12. E.R. says:

    I didn’t mean to accuse. Social Darwinism is the theory of social survival of the fittest. I see a connection, because deeming health care a luxury means that only those who are ‘fittest’ in terms of being able to get health care will enjoy survival, or at least healthy life.

    Clean air and water (as well as health care) are defined as fundamental rights internationally.

    Beer, while I’m sure many people consider it important, is not necessary for health/survival. I draw a major distinction there.

    Also, the problem isn’t that we have a shortage of health care – the problem is that we have an imbalance of health care. Man A has money and wants health care, Man B can provide health care and wants money – that works. Man C, however, doesn’t have money, but needs health care to survive. Man B doesn’t want to provide this for free, and shouldn’t have to, but doesn’t Man C have a right to live?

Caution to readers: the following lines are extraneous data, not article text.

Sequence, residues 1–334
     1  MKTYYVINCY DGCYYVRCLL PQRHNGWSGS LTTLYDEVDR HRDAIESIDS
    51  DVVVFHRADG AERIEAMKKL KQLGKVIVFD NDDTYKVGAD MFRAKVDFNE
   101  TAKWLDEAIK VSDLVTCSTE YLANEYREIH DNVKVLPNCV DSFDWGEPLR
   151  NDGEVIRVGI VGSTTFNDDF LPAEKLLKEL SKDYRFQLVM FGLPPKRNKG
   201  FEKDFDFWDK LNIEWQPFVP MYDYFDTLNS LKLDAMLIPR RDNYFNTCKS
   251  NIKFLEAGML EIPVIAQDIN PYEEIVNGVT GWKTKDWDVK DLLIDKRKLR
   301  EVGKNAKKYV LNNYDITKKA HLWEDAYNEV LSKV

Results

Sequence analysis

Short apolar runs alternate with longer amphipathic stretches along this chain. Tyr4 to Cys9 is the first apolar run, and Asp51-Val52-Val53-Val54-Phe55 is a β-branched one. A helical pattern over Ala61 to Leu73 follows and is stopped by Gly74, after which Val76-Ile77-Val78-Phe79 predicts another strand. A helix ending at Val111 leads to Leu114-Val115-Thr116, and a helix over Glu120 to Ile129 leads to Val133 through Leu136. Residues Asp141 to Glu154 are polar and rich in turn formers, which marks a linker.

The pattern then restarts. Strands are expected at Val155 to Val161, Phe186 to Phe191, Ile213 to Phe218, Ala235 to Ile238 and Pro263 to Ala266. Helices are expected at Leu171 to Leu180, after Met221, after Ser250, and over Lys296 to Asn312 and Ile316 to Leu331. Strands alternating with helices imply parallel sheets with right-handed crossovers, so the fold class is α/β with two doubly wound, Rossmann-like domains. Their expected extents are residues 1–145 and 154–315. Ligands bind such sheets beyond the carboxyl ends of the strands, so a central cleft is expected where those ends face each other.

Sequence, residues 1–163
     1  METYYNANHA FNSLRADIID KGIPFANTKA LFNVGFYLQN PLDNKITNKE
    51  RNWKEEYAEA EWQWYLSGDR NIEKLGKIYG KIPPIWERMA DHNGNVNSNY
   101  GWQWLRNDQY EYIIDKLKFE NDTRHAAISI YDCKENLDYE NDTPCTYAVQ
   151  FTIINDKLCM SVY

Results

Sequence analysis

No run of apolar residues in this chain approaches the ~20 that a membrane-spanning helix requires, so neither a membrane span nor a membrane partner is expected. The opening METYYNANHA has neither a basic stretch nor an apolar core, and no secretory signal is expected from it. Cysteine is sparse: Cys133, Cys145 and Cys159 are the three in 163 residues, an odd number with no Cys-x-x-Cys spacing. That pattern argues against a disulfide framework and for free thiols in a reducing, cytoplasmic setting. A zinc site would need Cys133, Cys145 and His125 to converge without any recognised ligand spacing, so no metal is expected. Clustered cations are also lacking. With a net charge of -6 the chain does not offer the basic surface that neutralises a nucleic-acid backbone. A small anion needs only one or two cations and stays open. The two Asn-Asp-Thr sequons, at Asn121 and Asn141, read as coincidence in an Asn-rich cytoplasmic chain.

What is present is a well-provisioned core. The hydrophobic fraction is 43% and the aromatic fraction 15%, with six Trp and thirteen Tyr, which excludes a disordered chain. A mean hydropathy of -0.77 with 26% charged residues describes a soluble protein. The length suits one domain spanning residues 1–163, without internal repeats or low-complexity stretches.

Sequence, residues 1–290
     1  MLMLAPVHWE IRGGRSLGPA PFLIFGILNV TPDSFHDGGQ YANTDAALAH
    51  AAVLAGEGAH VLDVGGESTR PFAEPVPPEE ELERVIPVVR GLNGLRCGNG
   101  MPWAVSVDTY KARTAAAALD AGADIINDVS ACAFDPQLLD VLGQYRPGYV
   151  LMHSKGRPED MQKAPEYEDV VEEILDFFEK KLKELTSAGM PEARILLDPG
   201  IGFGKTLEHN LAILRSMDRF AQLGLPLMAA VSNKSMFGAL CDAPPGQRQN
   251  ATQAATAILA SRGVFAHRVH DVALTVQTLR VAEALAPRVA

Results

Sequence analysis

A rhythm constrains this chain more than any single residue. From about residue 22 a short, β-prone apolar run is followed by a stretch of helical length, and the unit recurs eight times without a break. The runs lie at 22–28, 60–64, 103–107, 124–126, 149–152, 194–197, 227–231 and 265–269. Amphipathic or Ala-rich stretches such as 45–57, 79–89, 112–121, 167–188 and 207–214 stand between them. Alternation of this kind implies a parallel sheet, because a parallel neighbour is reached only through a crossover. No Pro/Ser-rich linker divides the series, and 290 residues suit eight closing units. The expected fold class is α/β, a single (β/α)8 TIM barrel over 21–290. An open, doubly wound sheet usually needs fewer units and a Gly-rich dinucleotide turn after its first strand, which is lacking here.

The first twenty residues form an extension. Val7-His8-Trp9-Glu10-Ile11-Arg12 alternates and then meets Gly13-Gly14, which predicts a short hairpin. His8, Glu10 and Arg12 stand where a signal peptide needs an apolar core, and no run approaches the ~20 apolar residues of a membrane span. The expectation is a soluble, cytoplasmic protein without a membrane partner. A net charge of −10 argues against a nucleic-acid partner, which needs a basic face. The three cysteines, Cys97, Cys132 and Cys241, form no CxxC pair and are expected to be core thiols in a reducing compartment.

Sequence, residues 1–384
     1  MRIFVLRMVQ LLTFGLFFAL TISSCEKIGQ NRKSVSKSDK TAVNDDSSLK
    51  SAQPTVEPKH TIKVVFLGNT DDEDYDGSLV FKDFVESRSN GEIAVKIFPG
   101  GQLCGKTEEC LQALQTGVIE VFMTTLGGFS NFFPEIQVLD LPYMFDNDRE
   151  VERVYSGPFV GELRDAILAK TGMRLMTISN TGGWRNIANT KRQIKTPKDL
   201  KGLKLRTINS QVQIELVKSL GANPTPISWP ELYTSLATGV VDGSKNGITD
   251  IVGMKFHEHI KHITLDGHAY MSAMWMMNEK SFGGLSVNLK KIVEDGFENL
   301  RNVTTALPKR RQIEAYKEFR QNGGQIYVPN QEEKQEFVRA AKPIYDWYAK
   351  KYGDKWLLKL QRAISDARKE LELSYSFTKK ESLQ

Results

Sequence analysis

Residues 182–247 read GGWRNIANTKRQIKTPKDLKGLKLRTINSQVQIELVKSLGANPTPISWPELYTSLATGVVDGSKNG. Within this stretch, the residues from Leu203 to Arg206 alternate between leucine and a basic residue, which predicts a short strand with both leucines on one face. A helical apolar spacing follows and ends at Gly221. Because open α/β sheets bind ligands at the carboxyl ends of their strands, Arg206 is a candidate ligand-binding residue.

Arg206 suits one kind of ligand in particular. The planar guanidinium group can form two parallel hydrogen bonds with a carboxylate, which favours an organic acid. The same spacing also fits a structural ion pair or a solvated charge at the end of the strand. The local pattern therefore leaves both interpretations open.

13. Jeff Kaplan says:

    Access, Quality and Cost – a three-legged stool — healthcare advocates couch these three legs in terms of equity in access, benefit and affordability. Managed care organizations and indemnity insurers repackage the same criteria in terms of restricted networks, disease state or case management (process and outcome measurement), and profit or fund-balances if they are a ‘non-profit’ organization. (Note: non-profits also afford multimillion dollar in bonuses). Doctors see the same conditions as office and on-call hours, patient satisfaction and practice growth, and accounts receivables vs. overhead.

    Regardless, I agree with E.R. and neither will I brook with Social Darwinism; I want balance, and I want it now! [P.S. Interesting blog; I write in parallel, “Reforming Healthcare & Managed Care” on HCPLive.com